The days are starting to get longer again, the sun is making more of an appearance and you would think that your mood and state of mind would be at its best. But especially on the first warm days of spring, we often feel tired and languid. We tell you what causes spring fatigue and what you can do about it.
- Always tired? The causes for springtime fatigue
- What to do if the spring fatigue lasts
- 5 tips for a fit start into spring
Always tired? The causes for springtime fatigue
Despite the emerging summer feelings, you are constantly tired and lacking energy? That sounds like typical spring fatigue. We took a closer look and found out for you what lies behind this phenomenon. For a long time it was assumed that the fatigue occures due to a lack of vitamin intake over the winter. But now we know that the imbalance of the two hormones melatonin and serotonin is responsible for the lethargy. Melatonin is the “sleep hormone” and serotonin is the so-called “happiness hormone”. The hormone serotonin is produced more with increasing light intensity and melatonin, which is only released in the dark, is produced less. As the days become longer again in spring, the body releases more serotonin. In this transition phase – in the phase in which the body slowly produces more serotonin and less melatonin – the hormone level must readjust.
Another reason for fatigue is the change in climate from cooler to warmer temperatures. The body has to go through a change and the organism reacts to this by dilating the blood vessels and lowering the blood pressure. This process makes us tired and can sometimes also lead to a feeling of dizziness. The body needs some time to readjust to the weather. This process takes about two to four weeks. Once it is completed, everything should be back to normal and you can start the summer happy and full of energy.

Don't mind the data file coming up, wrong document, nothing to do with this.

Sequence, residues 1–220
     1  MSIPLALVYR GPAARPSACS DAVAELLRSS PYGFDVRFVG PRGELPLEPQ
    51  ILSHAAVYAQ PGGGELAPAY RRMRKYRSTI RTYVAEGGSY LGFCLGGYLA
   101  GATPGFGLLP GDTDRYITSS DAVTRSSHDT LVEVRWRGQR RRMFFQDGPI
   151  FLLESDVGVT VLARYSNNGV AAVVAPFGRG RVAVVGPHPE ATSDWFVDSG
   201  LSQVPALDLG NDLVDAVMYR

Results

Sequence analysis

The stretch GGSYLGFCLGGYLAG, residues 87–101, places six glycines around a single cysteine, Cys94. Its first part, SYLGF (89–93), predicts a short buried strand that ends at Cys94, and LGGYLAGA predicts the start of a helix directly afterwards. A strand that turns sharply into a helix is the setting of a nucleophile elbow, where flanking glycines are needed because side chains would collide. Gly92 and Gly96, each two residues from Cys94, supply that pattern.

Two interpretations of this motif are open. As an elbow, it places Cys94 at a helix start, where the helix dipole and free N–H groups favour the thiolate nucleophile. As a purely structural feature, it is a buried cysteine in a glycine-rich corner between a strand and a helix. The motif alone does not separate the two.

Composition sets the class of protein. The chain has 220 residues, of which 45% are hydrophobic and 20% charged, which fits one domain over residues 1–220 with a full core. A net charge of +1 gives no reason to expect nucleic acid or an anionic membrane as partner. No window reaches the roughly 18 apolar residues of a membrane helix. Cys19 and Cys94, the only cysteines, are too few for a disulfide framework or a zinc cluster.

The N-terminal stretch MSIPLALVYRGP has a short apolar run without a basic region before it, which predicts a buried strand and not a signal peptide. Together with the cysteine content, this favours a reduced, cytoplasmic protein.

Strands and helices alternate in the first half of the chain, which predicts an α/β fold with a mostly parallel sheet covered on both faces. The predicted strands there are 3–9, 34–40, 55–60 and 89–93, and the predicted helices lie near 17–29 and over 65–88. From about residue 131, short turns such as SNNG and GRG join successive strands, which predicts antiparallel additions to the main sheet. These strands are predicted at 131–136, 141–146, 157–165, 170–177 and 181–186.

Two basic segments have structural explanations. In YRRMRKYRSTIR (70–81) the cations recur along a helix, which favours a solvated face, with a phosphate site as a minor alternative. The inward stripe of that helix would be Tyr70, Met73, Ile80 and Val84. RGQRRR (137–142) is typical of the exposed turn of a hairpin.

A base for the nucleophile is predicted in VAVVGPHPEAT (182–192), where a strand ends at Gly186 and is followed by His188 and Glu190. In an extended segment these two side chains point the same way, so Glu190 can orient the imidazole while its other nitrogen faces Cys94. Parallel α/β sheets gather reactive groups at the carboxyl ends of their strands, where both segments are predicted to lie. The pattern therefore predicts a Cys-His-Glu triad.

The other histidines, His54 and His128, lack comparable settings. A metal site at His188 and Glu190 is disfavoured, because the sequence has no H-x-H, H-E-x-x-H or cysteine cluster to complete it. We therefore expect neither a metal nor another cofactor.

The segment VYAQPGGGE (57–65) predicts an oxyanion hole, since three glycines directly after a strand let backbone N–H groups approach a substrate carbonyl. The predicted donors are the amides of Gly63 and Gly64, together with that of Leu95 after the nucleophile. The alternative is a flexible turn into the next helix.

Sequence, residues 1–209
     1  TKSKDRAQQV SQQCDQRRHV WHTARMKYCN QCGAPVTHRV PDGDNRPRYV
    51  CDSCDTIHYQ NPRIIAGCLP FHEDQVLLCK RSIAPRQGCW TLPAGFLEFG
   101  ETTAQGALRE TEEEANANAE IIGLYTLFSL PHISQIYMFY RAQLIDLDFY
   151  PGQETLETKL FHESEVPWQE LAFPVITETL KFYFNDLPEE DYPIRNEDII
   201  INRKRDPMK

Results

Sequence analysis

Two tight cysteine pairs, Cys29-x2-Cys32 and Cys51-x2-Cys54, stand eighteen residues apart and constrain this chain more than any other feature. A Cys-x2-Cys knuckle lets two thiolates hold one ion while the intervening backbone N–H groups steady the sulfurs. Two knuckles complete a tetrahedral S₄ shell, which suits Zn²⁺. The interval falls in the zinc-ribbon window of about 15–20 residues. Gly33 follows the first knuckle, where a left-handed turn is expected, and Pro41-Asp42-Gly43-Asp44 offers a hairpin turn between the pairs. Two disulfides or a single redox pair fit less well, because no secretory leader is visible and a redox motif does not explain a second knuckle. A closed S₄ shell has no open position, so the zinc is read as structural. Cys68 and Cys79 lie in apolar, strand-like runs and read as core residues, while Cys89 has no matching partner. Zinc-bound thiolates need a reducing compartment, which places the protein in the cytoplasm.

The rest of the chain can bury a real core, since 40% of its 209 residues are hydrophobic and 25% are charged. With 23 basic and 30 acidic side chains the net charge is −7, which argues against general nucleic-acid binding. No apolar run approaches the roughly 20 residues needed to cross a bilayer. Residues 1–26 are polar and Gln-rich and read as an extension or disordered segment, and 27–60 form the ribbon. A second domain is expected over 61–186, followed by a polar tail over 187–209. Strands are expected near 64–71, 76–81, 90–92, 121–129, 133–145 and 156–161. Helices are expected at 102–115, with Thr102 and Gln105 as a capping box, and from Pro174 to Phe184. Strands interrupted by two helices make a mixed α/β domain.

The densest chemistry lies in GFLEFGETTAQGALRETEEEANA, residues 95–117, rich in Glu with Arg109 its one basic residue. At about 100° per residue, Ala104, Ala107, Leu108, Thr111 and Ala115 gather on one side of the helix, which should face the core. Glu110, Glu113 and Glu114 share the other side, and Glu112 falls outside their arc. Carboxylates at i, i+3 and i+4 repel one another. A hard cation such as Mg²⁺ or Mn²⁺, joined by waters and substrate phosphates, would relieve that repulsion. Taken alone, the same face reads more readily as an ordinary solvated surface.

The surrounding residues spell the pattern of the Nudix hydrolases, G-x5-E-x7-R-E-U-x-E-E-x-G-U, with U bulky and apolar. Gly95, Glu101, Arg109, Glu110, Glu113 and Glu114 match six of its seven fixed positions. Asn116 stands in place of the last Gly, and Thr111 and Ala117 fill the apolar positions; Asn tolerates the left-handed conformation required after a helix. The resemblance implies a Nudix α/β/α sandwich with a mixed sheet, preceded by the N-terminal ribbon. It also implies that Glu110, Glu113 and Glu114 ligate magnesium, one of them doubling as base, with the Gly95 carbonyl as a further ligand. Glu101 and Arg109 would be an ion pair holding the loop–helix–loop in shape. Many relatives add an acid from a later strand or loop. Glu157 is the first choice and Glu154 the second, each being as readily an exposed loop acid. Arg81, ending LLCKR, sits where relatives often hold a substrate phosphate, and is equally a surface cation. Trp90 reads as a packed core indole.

What to do if the spring fatigue lasts
If your spring fatigue lasts for more than a few weeks, it could also have another background. You should then see a doctor, because if the tiredness is caused by a sleep disorder, for example, this should be specifically addressed. For example, you can go to a sleep lab to have your sleep quality checked. In the sleep lab, body functions such as brain waves, breathing, movements and heart activity are tracked.
However, fatigue can also indicate certain illnesses or chronic fatigue syndrome. In any case, you should have this clarified by a doctor and have yourself checked out.
5 tips for a fit start into spring
With the following 5 tips you can fight your spring fatigue and start the day with more energy.
1. Get some fresh air
Fresh air in the morning drives away sorrow and worries. After getting up, open all the windows and let some fresh spring air into the room. Feel free to open the doors in your flat to allow the air to circulate. The oxygen will wake you up and the first rays of sunshine will put you in a good mood. As already mentioned, bright light reduces the production of melatonin and increases the production of the “happiness hormone” serotonin. A few rays of sunshine in the morning will therefore improve your mood and increase your motivation.